Astronomers spot multiplanet system with 2 'suns'
Light data from Kepler telescope suggests at least 2 planets orbiting sun-like body and smaller companion star
Astronomers analyzing data from the Kepler space telescope have found a new planetary system that has at least two planets orbiting a pair of stars, only the fifth example of such a system to have been spotted in the region of our galaxy being monitored by Kepler.
Kepler-47, as the system has been dubbed, consists of a bright, primary star similar in size to the sun, a smaller companion star about one-third the size and 60 times dimmer than the main star and at least two planets, one that orbits the two stars every 49.5 days and another farther out that circles the stars every 303.2 days.
In the three years that the Kepler telescope has been hunting for evidence of Earth-size planets orbiting stars other than our sun, many binary stars and even triple-star systems have been seen.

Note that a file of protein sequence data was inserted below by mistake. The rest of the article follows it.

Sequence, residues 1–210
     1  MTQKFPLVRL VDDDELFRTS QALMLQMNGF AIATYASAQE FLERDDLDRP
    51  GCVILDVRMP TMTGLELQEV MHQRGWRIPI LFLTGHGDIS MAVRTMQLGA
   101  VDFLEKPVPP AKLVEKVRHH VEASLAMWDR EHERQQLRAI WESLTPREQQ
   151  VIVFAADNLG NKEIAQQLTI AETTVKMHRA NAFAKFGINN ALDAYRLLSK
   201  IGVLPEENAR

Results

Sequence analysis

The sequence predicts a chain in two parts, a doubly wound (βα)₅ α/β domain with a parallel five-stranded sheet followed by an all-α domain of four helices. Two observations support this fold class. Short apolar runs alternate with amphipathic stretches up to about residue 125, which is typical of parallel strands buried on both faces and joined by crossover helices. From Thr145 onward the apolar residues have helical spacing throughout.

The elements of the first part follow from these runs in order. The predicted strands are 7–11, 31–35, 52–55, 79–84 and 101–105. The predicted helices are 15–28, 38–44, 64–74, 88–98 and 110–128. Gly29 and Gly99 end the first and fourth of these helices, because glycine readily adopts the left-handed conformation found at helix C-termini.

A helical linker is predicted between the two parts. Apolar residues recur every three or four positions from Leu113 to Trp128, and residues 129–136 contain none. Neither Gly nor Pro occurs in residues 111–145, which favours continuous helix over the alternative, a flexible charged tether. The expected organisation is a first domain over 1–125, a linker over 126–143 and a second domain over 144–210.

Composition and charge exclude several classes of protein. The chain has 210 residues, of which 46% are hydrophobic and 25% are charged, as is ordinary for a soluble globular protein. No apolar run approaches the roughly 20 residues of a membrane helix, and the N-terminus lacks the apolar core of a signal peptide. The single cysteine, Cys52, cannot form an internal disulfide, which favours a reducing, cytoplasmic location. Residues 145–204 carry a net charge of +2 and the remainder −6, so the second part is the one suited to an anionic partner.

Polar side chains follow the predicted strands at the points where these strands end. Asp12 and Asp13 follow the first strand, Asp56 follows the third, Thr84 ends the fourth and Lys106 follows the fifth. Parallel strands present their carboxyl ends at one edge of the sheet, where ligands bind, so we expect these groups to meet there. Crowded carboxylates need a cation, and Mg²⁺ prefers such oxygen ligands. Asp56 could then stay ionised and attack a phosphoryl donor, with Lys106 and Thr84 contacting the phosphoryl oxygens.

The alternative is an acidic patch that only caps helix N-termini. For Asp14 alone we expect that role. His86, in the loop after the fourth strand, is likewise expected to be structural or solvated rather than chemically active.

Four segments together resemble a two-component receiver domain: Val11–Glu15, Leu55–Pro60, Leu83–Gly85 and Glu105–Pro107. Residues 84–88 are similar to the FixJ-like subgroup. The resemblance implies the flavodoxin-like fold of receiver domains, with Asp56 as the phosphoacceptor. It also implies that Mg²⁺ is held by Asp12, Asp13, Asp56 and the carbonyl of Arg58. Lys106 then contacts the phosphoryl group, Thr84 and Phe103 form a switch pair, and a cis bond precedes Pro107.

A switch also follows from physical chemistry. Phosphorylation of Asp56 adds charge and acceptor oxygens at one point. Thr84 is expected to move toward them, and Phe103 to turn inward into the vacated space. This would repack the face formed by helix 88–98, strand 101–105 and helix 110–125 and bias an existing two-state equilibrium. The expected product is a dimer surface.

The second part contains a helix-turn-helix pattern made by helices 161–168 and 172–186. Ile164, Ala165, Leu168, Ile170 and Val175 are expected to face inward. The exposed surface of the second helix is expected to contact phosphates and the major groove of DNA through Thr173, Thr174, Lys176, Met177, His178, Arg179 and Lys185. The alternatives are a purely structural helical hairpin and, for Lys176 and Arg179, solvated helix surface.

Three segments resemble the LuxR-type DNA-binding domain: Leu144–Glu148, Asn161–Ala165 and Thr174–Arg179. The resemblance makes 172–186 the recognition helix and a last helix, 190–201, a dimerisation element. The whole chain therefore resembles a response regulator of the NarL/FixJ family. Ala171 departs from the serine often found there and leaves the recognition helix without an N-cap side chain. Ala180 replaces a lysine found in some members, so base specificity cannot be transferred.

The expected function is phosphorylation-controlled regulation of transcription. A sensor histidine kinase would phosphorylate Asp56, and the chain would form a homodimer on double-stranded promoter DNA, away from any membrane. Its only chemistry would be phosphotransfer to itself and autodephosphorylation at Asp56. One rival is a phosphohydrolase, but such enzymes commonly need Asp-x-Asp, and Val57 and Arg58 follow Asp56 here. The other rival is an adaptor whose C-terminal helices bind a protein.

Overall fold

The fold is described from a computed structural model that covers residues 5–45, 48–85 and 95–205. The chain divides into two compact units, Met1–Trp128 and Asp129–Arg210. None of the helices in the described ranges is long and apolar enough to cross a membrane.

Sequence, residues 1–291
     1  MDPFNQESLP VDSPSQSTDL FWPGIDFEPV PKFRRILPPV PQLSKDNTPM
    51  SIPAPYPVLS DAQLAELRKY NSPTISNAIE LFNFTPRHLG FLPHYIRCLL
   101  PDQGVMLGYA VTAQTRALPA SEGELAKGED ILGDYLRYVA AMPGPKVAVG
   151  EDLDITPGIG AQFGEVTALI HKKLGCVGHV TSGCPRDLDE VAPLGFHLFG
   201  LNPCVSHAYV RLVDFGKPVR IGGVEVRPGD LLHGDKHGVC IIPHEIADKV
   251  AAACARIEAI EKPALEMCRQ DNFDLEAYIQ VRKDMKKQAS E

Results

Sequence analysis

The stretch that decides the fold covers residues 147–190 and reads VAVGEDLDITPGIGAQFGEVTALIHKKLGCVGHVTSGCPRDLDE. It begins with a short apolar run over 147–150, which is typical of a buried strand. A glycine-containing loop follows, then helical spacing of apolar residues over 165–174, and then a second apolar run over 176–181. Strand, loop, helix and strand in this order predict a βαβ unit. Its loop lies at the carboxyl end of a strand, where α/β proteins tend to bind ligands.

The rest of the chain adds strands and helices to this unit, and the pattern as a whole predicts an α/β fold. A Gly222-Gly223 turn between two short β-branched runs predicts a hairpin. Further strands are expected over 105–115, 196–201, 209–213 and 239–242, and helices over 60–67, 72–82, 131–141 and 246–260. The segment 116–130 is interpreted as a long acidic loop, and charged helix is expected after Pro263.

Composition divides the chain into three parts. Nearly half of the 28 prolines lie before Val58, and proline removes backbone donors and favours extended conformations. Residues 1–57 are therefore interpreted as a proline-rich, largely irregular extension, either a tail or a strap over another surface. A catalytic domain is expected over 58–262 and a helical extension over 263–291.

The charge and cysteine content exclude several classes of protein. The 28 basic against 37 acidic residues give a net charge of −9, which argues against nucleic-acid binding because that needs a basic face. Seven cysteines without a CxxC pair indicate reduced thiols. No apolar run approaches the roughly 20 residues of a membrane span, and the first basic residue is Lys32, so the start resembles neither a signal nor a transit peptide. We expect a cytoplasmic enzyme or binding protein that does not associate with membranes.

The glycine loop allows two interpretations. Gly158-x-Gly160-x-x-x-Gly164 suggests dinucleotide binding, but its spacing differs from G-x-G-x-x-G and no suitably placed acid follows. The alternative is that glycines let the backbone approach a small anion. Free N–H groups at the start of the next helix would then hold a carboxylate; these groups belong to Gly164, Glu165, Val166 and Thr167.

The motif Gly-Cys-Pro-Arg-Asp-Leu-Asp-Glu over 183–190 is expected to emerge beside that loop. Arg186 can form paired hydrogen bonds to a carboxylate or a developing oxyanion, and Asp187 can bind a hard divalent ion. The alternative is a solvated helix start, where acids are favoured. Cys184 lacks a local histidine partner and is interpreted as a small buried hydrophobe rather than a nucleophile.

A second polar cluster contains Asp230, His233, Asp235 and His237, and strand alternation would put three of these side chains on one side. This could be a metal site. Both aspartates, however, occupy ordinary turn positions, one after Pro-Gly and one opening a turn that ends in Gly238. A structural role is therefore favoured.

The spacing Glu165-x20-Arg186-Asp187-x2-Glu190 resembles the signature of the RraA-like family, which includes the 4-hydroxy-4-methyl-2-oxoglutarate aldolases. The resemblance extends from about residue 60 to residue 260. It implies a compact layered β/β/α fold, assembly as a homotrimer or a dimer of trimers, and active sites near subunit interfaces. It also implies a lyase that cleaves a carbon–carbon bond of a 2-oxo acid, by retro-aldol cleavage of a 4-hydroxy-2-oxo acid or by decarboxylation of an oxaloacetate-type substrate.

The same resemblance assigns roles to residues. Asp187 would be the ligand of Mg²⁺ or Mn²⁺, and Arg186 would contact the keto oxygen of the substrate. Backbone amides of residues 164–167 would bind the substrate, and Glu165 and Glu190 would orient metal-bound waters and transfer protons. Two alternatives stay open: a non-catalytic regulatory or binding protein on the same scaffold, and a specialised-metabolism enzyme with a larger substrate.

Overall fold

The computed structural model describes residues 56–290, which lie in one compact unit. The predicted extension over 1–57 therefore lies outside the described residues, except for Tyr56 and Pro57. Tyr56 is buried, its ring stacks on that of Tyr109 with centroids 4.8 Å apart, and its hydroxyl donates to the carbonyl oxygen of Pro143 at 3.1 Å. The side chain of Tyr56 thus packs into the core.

But prior to the recent find, only four binary star systems have been found to contain planets.
"Triple systems are actually fairly common — when you have a binary and around that binary is another star — but the idea of a planetary outer body has been fairly recent," said astronomer Jerome Orosz of San Diego State University, lead author of a paper on Kepler-47 published online Tuesday in the journal Science.
Kepler-47 is the only two-star system to date to contain more than one planet, and although the reserachers have confirmed the existence of only two orbiting planets, their analysis suggests there could even be a third.